Tuesday, November 29, 2011

Greek Classics Challenge 2012

I'm joining in on the Greek Classic Challenge for 2012 hosted by Howling Frog Books. I've read The Iliad and The Odyssey in my college days but have had nothing to do with ancient Greeks since then. I plan to remedy that next year.

There are multiple challenge levels to choose from and I've chosen the rather timid Sophocles level which requires me to read 1 to 4 books. I'm not sure yet about the books I'll be reading and thankfully we aren't required to post a list but I'm certain Sophocles and Plato will figure on my reading list next year. Exciting times :)

Wednesday, November 23, 2011

Short Stories on Wednesday: Top Ten Stories of All Time

A couple of days ago, I came across this post on Flavorwire  listing, what they call, the top 10 short stories of all time. Now that is just the kind of over ambitious claim that is designed to raise hackles all over the place. Obviously, no one can condense centuries’ worth of short stories into one handy little countdown and no two people can possibly agree over the stories that ought to make it to such a list. Of the top of my head, I could think of at least fifty stories that deserve to be on a top ten list. But here’s the thing; I love lists. So I had to check this out and having done that, I had to read all of the stories on the list that I hadn’t read yet. That made for a busy two days but it was largely worth it. Unfortunately, there was one story on the list that I could not find online or in my library so I offer my opinion on the (allegedly) top nine stories of all time. The stories are listed in random order on Flavorwire, there is no best or worst. I’m listing them here in the order in which I read them which is pretty close to the original list.

1. “For Esmé – with Love and Squalor” by JD Salinger
I’ve read this story as part of Nine Stories by JD Salinger and blogged about it here. It is one of Salinger’s better known stories. It’s about an unnamed sergeant who meets a gentle young girl called Esme just before he goes off to war. The myth of Esme sustains him through the squalor of war and its aftermath.
I didn’t find this story online, although admittedly, I didn’t look very hard since I had already read it. Do read it though, it’s a classic.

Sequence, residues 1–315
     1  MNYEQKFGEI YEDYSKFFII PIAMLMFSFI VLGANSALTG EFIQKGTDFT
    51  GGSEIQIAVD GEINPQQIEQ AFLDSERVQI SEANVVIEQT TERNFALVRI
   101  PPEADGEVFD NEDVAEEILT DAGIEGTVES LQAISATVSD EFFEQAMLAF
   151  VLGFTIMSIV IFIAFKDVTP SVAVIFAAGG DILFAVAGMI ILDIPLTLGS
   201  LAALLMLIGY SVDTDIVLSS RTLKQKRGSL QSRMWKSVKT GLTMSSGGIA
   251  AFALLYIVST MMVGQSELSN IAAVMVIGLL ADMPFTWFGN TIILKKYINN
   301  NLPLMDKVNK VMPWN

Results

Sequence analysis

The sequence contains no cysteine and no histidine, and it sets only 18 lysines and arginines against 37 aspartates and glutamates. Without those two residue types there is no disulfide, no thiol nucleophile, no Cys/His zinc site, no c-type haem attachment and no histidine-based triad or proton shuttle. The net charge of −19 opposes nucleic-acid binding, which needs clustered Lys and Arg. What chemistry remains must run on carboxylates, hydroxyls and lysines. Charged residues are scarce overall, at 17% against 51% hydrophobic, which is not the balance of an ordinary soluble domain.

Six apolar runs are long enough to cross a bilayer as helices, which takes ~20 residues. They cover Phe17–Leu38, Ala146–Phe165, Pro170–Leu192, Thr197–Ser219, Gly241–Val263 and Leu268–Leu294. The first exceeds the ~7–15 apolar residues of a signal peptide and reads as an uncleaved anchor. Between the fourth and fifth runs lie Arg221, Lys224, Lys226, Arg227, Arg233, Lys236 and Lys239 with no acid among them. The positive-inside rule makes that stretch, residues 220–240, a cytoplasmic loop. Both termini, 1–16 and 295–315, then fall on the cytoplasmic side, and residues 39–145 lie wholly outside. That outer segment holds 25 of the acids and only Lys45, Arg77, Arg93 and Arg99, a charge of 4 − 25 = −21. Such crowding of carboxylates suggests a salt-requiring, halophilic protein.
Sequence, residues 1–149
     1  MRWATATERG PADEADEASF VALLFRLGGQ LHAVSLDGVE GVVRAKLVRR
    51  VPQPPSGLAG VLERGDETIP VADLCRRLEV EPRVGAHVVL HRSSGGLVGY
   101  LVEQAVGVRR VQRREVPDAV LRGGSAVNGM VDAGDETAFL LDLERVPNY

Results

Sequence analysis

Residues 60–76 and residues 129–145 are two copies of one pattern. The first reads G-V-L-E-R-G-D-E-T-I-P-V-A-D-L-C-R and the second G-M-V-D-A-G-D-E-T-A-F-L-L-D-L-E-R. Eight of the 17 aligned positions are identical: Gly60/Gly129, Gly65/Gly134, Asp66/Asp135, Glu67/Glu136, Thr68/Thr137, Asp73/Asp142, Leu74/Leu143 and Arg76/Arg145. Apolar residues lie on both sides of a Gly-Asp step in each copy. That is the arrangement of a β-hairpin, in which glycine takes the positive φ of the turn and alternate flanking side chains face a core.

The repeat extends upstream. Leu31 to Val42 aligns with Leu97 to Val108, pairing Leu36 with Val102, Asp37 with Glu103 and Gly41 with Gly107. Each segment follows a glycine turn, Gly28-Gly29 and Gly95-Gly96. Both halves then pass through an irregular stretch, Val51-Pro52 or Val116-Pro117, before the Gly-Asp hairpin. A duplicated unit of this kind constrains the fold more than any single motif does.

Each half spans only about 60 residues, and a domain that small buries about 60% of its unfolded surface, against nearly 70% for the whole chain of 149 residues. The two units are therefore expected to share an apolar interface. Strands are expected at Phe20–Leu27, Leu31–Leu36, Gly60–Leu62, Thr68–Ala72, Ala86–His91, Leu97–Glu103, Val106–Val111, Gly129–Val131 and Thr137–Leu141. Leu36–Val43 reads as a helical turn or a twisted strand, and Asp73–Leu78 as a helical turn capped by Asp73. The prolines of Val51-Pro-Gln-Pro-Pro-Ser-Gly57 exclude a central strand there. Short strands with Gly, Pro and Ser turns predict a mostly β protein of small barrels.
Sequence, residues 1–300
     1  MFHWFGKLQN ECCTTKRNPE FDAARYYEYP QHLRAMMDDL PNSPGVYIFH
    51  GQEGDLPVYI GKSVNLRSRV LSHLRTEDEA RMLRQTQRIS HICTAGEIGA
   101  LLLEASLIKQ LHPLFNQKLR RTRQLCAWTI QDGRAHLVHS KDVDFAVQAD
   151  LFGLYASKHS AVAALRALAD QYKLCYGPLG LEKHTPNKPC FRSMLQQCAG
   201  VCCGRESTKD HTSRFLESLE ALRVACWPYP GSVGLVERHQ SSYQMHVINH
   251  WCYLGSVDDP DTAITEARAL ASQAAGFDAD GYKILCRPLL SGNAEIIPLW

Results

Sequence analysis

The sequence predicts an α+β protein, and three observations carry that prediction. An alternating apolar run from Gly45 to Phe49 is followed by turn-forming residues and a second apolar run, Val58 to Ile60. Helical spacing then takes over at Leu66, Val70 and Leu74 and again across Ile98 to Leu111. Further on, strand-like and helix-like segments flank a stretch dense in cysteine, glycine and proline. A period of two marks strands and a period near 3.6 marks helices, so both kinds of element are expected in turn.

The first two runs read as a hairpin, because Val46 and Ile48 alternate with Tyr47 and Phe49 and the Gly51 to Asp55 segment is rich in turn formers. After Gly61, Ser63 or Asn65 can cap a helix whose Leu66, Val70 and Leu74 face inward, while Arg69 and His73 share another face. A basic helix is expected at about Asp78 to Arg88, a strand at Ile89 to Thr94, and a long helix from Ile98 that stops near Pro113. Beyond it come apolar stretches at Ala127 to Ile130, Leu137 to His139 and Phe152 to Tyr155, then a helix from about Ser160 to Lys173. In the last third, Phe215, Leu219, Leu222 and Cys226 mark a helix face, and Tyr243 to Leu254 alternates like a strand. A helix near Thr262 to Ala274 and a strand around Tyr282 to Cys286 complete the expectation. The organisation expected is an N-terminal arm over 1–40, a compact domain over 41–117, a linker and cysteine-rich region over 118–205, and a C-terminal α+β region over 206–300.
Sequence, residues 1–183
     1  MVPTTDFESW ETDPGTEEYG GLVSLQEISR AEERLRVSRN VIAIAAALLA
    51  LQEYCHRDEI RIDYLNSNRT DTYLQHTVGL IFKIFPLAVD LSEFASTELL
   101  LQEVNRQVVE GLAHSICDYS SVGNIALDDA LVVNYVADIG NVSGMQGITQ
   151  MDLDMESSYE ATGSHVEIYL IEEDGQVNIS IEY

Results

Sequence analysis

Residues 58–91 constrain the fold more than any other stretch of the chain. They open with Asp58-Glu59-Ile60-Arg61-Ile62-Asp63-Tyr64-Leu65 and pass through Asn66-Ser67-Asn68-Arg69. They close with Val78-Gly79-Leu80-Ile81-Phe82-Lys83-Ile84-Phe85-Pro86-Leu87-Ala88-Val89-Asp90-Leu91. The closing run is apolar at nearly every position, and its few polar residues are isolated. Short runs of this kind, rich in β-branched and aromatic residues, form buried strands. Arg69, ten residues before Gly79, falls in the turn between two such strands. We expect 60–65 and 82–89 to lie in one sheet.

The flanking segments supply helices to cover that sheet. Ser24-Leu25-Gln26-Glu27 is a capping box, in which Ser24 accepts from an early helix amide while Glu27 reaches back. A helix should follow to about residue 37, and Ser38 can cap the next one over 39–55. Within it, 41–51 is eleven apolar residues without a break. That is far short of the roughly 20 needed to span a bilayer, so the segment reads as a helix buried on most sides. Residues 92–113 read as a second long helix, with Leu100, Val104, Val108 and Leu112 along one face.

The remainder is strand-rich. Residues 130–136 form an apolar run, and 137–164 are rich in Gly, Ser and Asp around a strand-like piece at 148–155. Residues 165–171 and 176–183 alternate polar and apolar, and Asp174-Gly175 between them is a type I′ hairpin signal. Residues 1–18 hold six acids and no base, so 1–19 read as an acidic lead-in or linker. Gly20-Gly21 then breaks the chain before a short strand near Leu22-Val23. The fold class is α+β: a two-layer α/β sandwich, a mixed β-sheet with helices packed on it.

2. "Silver Water" by Amy Bloom
A woman talks about Rose, her beautiful and talented sister and Rose’s slow and painful descent into madness. The story also looks at Rose’s family, who are grappling to deal with their new reality. It’s tough to talk of such things and not be morbid or grim. Amy Bloom manages to make it funny and poignant at the same time. Read it online here.

3. “The Dead” by James Joyce
Garbriel and his wife are at their aunts’ annual bash. It’s not a good night for Gabriel and life of the party he is not. This is also the night when his wife chooses to tell him about her past relationship.
This isn’t my favourite story from the Dubliners (I’ve posted about my favourites here). Firstly, it really pushes the boundaries of the form in terms of length. Also, I found it hard to feel anything much for any of the characters. You can find the story here.

4. “A Very Old Man with Enormous Wings” by Gabriel Garcia Marquez
The title tells you, very literally and explicitly, what the story is about.  Marquez’s fallen angel is very different from Tolstoy’s (What men live by?). The old man is anything but ‘angelic’ and is temporarily turned into a freak show. I urge you to read this here. It’s a master class in magic realism.

5. “White Angel” by Michael Cunningham
Staying with the angels theme, White Angel is about two brothers growing up in Cleveland in the sixties and their experiences with drugs, sex, growing up and death.
I was a bit disappointed in this one. When I started to read it, I expected it to be a very impactful story, but somewhere along the way it started to feel very mediocre. I’ve read stories like this before and really didn’t find anything special here. Still, if you’d like to try it for yourself, find it here.